Other Names for This Condition

  • Brown-Vialetto-Van Laere syndrome
  • BVVLS
  • Fazio-Londe disease
  • Fazio-Londe syndrome
  • pontobulbar palsy with deafness
  • progressive bulbar palsy with sensorineural deafness
  • riboflavin transporter deficiency

Additional Information & Resources

Genetic and Rare Diseases Information Center

Catalog of Genes and Diseases from OMIM

Scientific Articles on PubMed

References

  • Bosch AM, Abeling NG, Ijlst L, Knoester H, van der Pol WL, Stroomer AE, Wanders RJ, Visser G, Wijburg FA, Duran M, Waterham HR. Brown-Vialetto-Van Laere and Fazio Londe syndrome is associated with a riboflavin transporter defect mimicking mild MADD: a new inborn error of metabolism with potential treatment. J Inherit Metab Dis. 2011 Feb;34(1):159-64. doi: 10.1007/s10545-010-9242-z. Epub 2010 Nov 26. Citation on PubMed or Free article on PubMed Central
  • Bosch AM, Stroek K, Abeling NG, Waterham HR, Ijlst L, Wanders RJ. The Brown-Vialetto-Van Laere and Fazio Londe syndrome revisited: natural history, genetics, treatment and future perspectives. Orphanet J Rare Dis. 2012 Oct 29;7:83. doi: 10.1186/1750-1172-7-83. Review. Citation on PubMed or Free article on PubMed Central
  • Dipti S, Childs AM, Livingston JH, Aggarwal AK, Miller M, Williams C, Crow YJ. Brown-Vialetto-Van Laere syndrome; variability in age at onset and disease progression highlighting the phenotypic overlap with Fazio-Londe disease. Brain Dev. 2005 Sep;27(6):443-6. Epub 2004 Dec 15. Citation on PubMed
  • Foley AR, Menezes MP, Pandraud A, Gonzalez MA, Al-Odaib A, Abrams AJ, Sugano K, Yonezawa A, Manzur AY, Burns J, Hughes I, McCullagh BG, Jungbluth H, Lim MJ, Lin JP, Megarbane A, Urtizberea JA, Shah AH, Antony J, Webster R, Broomfield A, Ng J, Mathew AA, O'Byrne JJ, Forman E, Scoto M, Prasad M, O'Brien K, Olpin S, Oppenheim M, Hargreaves I, Land JM, Wang MX, Carpenter K, Horvath R, Straub V, Lek M, Gold W, Farrell MO, Brandner S, Phadke R, Matsubara K, McGarvey ML, Scherer SS, Baxter PS, King MD, Clayton P, Rahman S, Reilly MM, Ouvrier RA, Christodoulou J, Züchner S, Muntoni F, Houlden H. Treatable childhood neuronopathy caused by mutations in riboflavin transporter RFVT2. Brain. 2014 Jan;137(Pt 1):44-56. doi: 10.1093/brain/awt315. Epub 2013 Nov 19. Citation on PubMed or Free article on PubMed Central
  • Green P, Wiseman M, Crow YJ, Houlden H, Riphagen S, Lin JP, Raymond FL, Childs AM, Sheridan E, Edwards S, Josifova DJ. Brown-Vialetto-Van Laere syndrome, a ponto-bulbar palsy with deafness, is caused by mutations in c20orf54. Am J Hum Genet. 2010 Mar 12;86(3):485-9. doi: 10.1016/j.ajhg.2010.02.006. Epub 2010 Mar 4. Citation on PubMed or Free article on PubMed Central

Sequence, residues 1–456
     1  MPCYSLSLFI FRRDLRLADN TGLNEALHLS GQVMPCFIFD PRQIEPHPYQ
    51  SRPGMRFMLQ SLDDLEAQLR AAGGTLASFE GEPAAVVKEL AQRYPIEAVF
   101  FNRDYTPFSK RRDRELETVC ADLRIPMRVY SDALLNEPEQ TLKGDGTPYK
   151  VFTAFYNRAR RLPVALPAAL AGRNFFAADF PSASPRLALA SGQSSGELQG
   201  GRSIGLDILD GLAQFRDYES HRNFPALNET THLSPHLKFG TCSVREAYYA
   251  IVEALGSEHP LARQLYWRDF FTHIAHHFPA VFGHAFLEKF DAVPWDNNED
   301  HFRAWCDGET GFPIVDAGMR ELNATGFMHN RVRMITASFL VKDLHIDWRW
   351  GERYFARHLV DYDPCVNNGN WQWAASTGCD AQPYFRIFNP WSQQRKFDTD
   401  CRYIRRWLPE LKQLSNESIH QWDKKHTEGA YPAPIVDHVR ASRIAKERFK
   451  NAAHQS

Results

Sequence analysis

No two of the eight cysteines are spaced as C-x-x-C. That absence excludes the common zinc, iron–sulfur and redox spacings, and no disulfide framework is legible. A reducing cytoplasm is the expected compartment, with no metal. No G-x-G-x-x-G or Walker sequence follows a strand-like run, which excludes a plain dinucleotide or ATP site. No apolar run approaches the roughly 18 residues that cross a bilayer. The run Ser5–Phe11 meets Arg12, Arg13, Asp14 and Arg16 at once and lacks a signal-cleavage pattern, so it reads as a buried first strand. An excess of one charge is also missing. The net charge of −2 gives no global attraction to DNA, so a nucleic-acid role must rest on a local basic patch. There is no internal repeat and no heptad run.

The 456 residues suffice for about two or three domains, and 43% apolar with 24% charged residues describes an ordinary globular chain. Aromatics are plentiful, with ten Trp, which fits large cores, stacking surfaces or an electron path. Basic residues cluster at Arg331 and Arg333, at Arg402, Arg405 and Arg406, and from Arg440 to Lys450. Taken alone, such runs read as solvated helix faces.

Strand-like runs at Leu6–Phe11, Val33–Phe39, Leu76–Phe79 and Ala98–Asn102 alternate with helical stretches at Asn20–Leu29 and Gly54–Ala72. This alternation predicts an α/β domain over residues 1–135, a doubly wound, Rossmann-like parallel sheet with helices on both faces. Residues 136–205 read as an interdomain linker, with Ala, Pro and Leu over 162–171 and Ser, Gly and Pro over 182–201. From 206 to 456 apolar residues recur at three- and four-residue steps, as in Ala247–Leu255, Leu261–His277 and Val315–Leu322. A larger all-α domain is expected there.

• Haack TB, Makowski C, Yao Y, Graf E, Hempel M, Wieland T, Tauer U, Ahting U, Mayr JA, Freisinger P, Yoshimatsu H, Inui K, Strom TM, Meitinger T, Yonezawa A, Prokisch H. Impaired riboflavin transport due to missense mutations in SLC52A2 causes Brown-Vialetto-Van Laere syndrome. J Inherit Metab Dis. 2012 Nov;35(6):943-8. doi: 10.1007/s10545-012-9513-y. Epub 2012 Aug 3. Citation on PubMed or Free article on PubMed Central
  • Johnson JO, Gibbs JR, Megarbane A, Urtizberea JA, Hernandez DG, Foley AR, Arepalli S, Pandraud A, Simón-Sánchez J, Clayton P, Reilly MM, Muntoni F, Abramzon Y, Houlden H, Singleton AB. Exome sequencing reveals riboflavin transporter mutations as a cause of motor neuron disease. Brain. 2012 Sep;135(Pt 9):2875-82. doi: 10.1093/brain/aws161. Epub 2012 Jun 26. Citation on PubMed or Free article on PubMed Central
  • Manole A, Houlden H. Riboflavin Transporter Deficiency Neuronopathy. 2015 Jun 11. In: Adam MP, Ardinger HH, Pagon RA, Wallace SE, Bean LJH, Stephens K, Amemiya A, editors. GeneReviews® [Internet]. Seattle (WA): University of Washington, Seattle; 1993-2020. Available from http://www.ncbi.nlm.nih.gov/books/NBK299312/ Citation on PubMed
  • Nabokina SM, Subramanian VS, Said HM. Effect of clinical mutations on functionality of the human riboflavin transporter-2 (hRFT-2). Mol Genet Metab. 2012 Apr;105(4):652-7. doi: 10.1016/j.ymgme.2011.12.021. Epub 2012 Jan 5. Citation on PubMed or Free article on PubMed Central
  • Oregon State University Linus Pauling Institute: Riboflavin